Evelina managed to socialize today, too.  She called on various friends and relatives around town, perhaps sharing the news of poor Sarah’s painful dentistry.


*Jack Lardin, The Reshaping of Everyday Life, 1988, pp. 92 – 93

August 7, 1851



Aug 7th Thursday  Have been to Bridgewater to day

to have my teeth fixed  Dr Washburn kept me there

untill past twelve and then said he should have to heat

up the teeth which take an hour and half.

Left them with him and went to Mr Harris’ and 

returned at night for them.  Oliver was with me

we called at Mr J Mitchells.  Mrs Mitchell & sister

Harriet had gone to Marshfield

It says a great deal about 19th century dentistry that the illustration above, made for a spelling book, used an image of dentures to depict the word “teeth.”  In 1851, false teeth were the norm for most adults. Dental hygiene was primitive and regular care by professionals unavailable. Although brushes for teeth were around, toothpaste didn’t come in until the 20th century.  Those who could afford to pay a dentist usually ended up with false teeth. So it was for Evelina, who had dentures, or at least several false teeth that she had to leave at the dentist’s today to be fixed. Her son, Oliver (3) accompanied her.

Nahum Washburn was the Ames family’s dentist.  A graduate of Dartmouth College, he was trained in homeopathy but preferred dentistry.  He had an office in Bridgewater from 1840 to 1883.

Washburn cared about the pain that his patients had to go through and developed a machine to reduce their discomfort when he worked on their mouths.  In 1859, he obtained a patent for a


a contraption that was “a combination of dental forceps…with [an] electro-magnetic mechanism…so that the electrical current or currents [could] be made to flow through the nerve or nerves of the tooth, or the jaw or flesh immediately contiguous…in order to benumb the same and render such more or less insensible to pain during the performance of the dental operations. ” *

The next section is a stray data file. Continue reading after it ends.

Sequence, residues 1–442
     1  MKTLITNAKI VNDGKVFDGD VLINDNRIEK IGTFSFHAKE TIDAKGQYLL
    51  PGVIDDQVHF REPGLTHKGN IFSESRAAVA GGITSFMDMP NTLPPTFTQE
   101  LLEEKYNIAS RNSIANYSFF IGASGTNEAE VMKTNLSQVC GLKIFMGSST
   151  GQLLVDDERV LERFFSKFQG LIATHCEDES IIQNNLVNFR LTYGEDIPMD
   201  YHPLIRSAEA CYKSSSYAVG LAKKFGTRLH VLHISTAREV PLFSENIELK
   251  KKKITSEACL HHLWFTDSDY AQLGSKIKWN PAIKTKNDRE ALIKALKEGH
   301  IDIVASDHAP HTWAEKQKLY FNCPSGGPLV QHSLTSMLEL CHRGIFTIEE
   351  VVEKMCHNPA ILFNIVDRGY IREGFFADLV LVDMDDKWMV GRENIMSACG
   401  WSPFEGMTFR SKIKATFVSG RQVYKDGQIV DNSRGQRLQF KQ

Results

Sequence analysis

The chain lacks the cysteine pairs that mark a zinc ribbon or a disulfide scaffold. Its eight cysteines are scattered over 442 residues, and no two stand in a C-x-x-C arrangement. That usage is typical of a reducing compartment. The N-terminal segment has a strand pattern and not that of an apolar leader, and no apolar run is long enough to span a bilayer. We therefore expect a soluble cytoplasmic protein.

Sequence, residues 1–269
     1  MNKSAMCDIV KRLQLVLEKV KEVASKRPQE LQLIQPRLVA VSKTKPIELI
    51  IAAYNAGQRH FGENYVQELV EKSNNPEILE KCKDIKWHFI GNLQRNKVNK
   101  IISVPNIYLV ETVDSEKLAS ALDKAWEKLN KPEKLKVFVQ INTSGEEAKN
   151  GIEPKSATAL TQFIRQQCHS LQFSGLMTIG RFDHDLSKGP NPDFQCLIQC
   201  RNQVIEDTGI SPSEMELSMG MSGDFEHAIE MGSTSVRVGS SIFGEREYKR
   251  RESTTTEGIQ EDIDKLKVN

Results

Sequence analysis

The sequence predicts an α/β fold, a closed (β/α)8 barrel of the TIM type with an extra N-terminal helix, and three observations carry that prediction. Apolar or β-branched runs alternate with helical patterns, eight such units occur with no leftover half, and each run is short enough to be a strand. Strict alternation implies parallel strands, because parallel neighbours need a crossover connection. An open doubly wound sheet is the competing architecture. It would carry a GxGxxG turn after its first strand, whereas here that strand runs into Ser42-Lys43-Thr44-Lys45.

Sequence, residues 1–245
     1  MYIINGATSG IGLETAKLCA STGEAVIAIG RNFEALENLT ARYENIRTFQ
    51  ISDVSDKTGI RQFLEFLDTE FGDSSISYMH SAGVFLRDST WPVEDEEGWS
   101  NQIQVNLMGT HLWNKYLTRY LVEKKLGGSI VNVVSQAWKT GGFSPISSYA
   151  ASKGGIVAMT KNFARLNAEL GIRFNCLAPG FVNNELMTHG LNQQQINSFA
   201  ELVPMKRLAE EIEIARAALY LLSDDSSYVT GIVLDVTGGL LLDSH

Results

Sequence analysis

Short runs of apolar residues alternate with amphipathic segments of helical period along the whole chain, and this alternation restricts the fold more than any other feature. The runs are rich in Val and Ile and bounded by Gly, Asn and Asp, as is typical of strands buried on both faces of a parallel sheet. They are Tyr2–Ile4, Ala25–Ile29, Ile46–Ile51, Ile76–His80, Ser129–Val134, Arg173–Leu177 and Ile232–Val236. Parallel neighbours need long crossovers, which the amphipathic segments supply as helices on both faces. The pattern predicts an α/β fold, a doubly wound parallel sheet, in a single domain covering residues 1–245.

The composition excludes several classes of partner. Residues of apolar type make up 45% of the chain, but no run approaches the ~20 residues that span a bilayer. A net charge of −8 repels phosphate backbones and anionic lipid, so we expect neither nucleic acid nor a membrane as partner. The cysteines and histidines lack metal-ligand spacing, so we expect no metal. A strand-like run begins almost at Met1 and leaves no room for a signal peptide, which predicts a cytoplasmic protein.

Doesn’t sound all that painless.


*Journal of the Franklin Institute, Volume 69, Philadelphia, p.165




May 28, 1851



Wednesday May 28  Another busy day about house and what have

I done  I am sure I cannot tell how I do spend

my time  I have lengthened the valance for the 

new bedstead which took some time  Mrs Witherell

and Mrs S Ames have been to Dr Washburns to

have something done to their teeth.  Mrs Ames had

a new one put in  I have planted some Asters

Alousom & princes feathers &c.  Very pleasant

Either Evelina was getting absent-minded or her work load was so varied today that she just couldn’t keep track of all that she did. “What did I do all day?” she wondered when she sat down in the evening (or the next morning, perhaps) to record the day’s events in her diary.

For one thing, she worked on the textile that was to go with the new bedstead, a task that had to have been more pleasant than what her sisters-in-law, the two Sarahs, faced. They went to see a dentist, Dr. Nahum Washburn in Bridgewater. Dentistry in the nineteenth century was primitive compared to what it is today, and often involved extraction as a solution to toothache. A visit to the dentist was nothing to look forward to. Sarah Ames came home with a new tooth tucked somewhere in her mouth.

Working in her flower garden, of course, was another way Evelina spent her time. Today’s new plants included asters, alyssum, and prince’s feathers, a trio of choices that offered different texture and size.  Was she putting in seeds or seedlings?